Why Europe Needs a Magnitsky Law: Should the EU follow the US?

Wednesday, November 20, 2013
6:00pm - 8:00pm
Kraft Center (606 West 115th Street, between Broadway and Riverside)
Please join the Harriman Institute for a panel discussion with Elena Servattaz, editor of Why Europe Needs a Magnitsky Law: Should the EU follow the US? and Radio France Internationale staff correspondent and anchor, and William Browder, CEO of Hermitage, current head of the global campaign for justice for Sergei Magnitisky and his former employer.  The discussion will be moderated by Dr. Alexander Cooley, Professor and Chair of the Political Science Department at Barnard College.
This month marks the 4th anniversary since the death of Russian lawyer and whistleblower, Sergei Magnitsky. He was killed in pre-trial detention for uncovering and exposing the largest tax fraud in Russian history - the theft of $230 million dollars of taxes. The crimes were committed by Russian government officials working together with organized crime. In December 2012, President Obama signed into law the Magnitsky Act which saw visa bans, asset freezes and the public naming of the Russian officials involved. The law also includes provisions to ban entry to the US of any other gross violators of human rights. 

The concept of a Magnitsky law is now gathering steam in Europe, where the EU is under pressure to take substantive action and follow the lead of the USA. A new book by French/Russian journalist Elena Servettaz, entitled Why Europe Needs a Magnitsky Law: Should the EU follow the US?, has just been published to highlight the support for such an initiative.
Elena Servettaz is a Russian-French journalist and a current staff correspondent and anchor at Radio France Internationale (RFI) as well as the Paris-based correspondent for the independent radio station Echo of Moscow. At RFI she mainly covers international relations and Russian politics with an emphasis on the Russian opposition movement and high-profile legal cases such as those involving the Magnitsky affair, Mikhail Khodorkovsky and Pussy Riot.  In 2012-2013, Servettaz co-launched and was deputy editor of a new magazine in France, Russian Riviera. Servettaz’s first book, published in 2013, is entitled Why Europe Needs a Magnitsky Law.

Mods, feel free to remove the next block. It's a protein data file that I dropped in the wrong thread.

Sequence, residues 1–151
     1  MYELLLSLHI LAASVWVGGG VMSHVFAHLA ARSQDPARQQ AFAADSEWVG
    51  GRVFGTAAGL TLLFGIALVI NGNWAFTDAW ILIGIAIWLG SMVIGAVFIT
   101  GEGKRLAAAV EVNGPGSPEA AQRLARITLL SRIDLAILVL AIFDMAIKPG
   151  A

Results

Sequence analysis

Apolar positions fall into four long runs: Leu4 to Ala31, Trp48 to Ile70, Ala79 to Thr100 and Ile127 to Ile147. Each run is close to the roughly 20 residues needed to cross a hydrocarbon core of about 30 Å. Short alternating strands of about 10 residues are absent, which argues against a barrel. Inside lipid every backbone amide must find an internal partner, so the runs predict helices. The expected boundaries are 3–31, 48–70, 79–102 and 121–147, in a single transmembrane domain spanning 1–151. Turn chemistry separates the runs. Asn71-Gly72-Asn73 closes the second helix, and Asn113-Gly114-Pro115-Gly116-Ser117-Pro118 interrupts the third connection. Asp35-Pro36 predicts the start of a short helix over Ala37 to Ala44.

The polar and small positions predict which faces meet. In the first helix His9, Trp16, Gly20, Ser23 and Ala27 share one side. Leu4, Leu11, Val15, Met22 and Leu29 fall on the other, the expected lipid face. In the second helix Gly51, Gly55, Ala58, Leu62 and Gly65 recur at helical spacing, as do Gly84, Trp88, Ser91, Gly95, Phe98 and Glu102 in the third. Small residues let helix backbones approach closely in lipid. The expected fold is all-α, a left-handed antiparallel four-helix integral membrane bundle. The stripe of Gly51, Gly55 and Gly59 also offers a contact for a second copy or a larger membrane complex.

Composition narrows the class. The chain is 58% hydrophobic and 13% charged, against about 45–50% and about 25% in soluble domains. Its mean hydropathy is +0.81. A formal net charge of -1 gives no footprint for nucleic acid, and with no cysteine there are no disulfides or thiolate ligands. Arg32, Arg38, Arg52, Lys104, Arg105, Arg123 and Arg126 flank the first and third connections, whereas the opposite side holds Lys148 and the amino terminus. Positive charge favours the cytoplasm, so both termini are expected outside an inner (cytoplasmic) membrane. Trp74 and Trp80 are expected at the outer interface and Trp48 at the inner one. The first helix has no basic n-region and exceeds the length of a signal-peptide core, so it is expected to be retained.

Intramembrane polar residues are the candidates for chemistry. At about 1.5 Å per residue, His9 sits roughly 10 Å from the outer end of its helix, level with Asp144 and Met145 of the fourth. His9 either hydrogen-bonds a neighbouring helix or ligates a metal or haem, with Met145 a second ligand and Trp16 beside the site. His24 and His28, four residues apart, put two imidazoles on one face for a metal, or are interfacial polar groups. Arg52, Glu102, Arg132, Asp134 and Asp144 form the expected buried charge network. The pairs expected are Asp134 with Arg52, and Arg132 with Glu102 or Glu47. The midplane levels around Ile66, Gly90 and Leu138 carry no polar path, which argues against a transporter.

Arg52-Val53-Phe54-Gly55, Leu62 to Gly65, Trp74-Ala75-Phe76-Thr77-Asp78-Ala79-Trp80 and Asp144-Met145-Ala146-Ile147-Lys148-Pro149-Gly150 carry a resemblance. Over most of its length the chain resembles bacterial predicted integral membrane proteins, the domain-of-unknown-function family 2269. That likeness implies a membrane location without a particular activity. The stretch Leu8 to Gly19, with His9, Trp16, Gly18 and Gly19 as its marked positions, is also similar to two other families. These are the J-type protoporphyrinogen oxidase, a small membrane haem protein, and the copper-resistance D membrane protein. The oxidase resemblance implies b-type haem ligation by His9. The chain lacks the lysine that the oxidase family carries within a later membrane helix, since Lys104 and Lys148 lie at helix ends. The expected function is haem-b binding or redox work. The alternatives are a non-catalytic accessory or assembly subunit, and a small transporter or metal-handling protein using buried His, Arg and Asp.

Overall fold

William Browder, founder and CEO of Hermitage Capital Management, was the largest foreign investor in Russia until 2005, when he was denied entry to the country as a result of his battle against corporate corruption. Since 2009 when his lawyer, Sergei Magnitsky, died in a Russian prison after uncovering a US$230 million fraud committed by Russian government officials, Browder has been leading a global campaign to expose the corruption and human rights abuses endemic in Russia. Consequentially, the ‘Sergei Magnitsky Rule of Law Accountability Act’ was signed into US law in 2012, imposing visa bans and asset freezes on certain officials involved in Magnitsky’s death, and on other gross violators of human rights in Russia. Browder is currently working to have similar legislation passed across the European Union as a means to seek justice for Magnitsky and fight government- backed corruption in Russia.  Before founding Hermitage, Browder was Vice-President at Salomon Brothers. He holds a BA (Honours) in Economics from the University of Chicago and an MBA from Stanford Business School.
Alexander Cooley is professor and chair of the Political Science Department at Barnard College, Columbia University and Deputy Director for Social Science Programming at Columbia University's Harriman Institute. Professor Cooley's research examines how external actors have shaped the political development, regime survival and sovereignty of the post-Communist states, with a focus on post-Soviet Central Asia and the Caucasus. He is the author of four academic books, a media commentator on Central Asian political trends, and serves on a number of international advisory committees and working groups that engage with Eurasian political issues.
Registration for this event is required.  Click here to register.